A painful journey to antivenom: the therapeutic itinerary of snakebite patients in the Brazilian Amazon (The QUALISnake Study)


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Article
Language
English
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Open Access
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Abstract
Access to antivenoms is not guarranteed for vulnerable populations that inhabit remote areas in the Amazon. The study of therapeutic itineraries (TI) for treatment of snakebites would support strategies to provide timely access to users. A TI is the set of processes by which individuals adhere to certain forms of treatment, and includes the path traveled in the search for healthcare, and practices to solve their health problems. This study aims to describe TIs of snakebite patients in the Brazilian Amazon. This study was carried out at the Fundação de Medicina Tropical Doutor Heitor Vieira Dourado, in Manaus, state of Amazonas, Brazil. The itinerary from the moment of the bite to the patient’s admission to the reference unit was analyzed. Sample size was defined by saturation. After an exploratory survey to collect epidemiological variables, in-depth interviews were conducted following a semi-structured guide. Patients originated from rural areas of 11 different municipalities, including ones located >500 kilometers from Manaus. A great fragmentation was observed in the itineraries, marked by several changes of means of transport along the route. Four themes emerged from the analysis: exposure to snakebite during day-to-day activities, use of traditional therapeutic practices, and personal perception of the severity, as well as the route taken and its contingencies. Access to healthcare requires considerable effort on the part of snakebite patients. Major barriers were identified, such as the low number of hospitals that offer antivenom treatment, poor access to healthcare due to long distances and geographic barriers, low acceptability of healthcare offered in countryside, lack of use of personal protective equipment, common use of ineffective or deleterious self-care practices, late recognition of serious clinical signs and resistance to seeking medical assistance. Health education, promotion of immediate transport to health centers and decentralization of antivenom from reference hospitals to community healthcare centers in the Brazilian Amazon are more effective strategies that would to maximize access to antivenom treatment.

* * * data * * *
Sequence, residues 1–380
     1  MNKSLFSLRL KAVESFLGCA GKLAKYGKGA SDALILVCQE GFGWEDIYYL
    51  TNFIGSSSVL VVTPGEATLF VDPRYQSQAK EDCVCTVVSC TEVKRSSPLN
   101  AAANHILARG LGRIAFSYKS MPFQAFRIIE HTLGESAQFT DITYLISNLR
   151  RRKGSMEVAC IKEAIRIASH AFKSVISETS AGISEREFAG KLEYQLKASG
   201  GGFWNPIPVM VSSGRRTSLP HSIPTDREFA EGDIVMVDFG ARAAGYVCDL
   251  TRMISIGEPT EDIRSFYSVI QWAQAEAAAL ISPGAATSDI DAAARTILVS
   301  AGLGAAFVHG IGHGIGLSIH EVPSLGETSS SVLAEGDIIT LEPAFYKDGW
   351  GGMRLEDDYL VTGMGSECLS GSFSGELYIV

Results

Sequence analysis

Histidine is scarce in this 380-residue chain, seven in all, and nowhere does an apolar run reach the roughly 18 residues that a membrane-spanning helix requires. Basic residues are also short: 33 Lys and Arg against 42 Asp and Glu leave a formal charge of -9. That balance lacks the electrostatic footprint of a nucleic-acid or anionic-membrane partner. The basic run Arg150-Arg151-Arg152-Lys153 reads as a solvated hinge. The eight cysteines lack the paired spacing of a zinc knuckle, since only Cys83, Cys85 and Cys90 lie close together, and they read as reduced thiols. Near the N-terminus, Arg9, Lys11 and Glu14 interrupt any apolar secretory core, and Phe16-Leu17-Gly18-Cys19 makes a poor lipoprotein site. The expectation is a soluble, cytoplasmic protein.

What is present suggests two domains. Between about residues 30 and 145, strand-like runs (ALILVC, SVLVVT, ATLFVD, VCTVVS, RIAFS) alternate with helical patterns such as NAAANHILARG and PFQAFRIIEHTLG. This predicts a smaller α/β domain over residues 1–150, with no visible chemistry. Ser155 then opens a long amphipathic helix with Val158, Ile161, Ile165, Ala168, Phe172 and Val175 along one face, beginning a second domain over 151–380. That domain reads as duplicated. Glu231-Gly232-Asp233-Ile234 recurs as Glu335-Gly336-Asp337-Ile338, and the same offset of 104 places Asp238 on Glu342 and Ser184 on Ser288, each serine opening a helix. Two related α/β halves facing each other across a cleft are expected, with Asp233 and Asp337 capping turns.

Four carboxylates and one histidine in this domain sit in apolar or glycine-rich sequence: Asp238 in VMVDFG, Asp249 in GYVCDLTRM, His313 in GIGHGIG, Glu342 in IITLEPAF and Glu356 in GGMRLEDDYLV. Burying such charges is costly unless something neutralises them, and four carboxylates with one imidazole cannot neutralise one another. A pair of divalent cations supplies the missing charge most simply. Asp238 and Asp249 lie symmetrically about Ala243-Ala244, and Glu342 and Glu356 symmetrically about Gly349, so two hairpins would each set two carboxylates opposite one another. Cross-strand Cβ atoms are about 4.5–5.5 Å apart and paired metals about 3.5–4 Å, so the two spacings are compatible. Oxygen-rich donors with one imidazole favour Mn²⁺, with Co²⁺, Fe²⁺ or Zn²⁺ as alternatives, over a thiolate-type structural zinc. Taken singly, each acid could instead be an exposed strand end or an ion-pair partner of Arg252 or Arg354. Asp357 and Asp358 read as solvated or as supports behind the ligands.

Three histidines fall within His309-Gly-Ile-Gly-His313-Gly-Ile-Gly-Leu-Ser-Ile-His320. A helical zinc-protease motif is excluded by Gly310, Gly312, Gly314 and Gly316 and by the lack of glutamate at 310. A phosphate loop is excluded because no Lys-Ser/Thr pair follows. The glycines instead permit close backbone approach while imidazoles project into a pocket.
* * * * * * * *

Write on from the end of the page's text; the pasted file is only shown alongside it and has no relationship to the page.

Reference
Cristino JS, Salazar GM, Machado VA, Honorato E, Farias AS, Vissoci JRN, et al. A painful journey to antivenom: the therapeutic itinerary of snakebite patients in the Brazilian Amazon (The QUALISnake Study). Plos Negl. Trop. Dis.. 2021 Mar;15(3):e0009245. doi:10.1371/journal.pntd.0009245.
Link to cite this reference
https://repositorio.butantan.gov.br/handle/butantan/3626
Issue Date
2021


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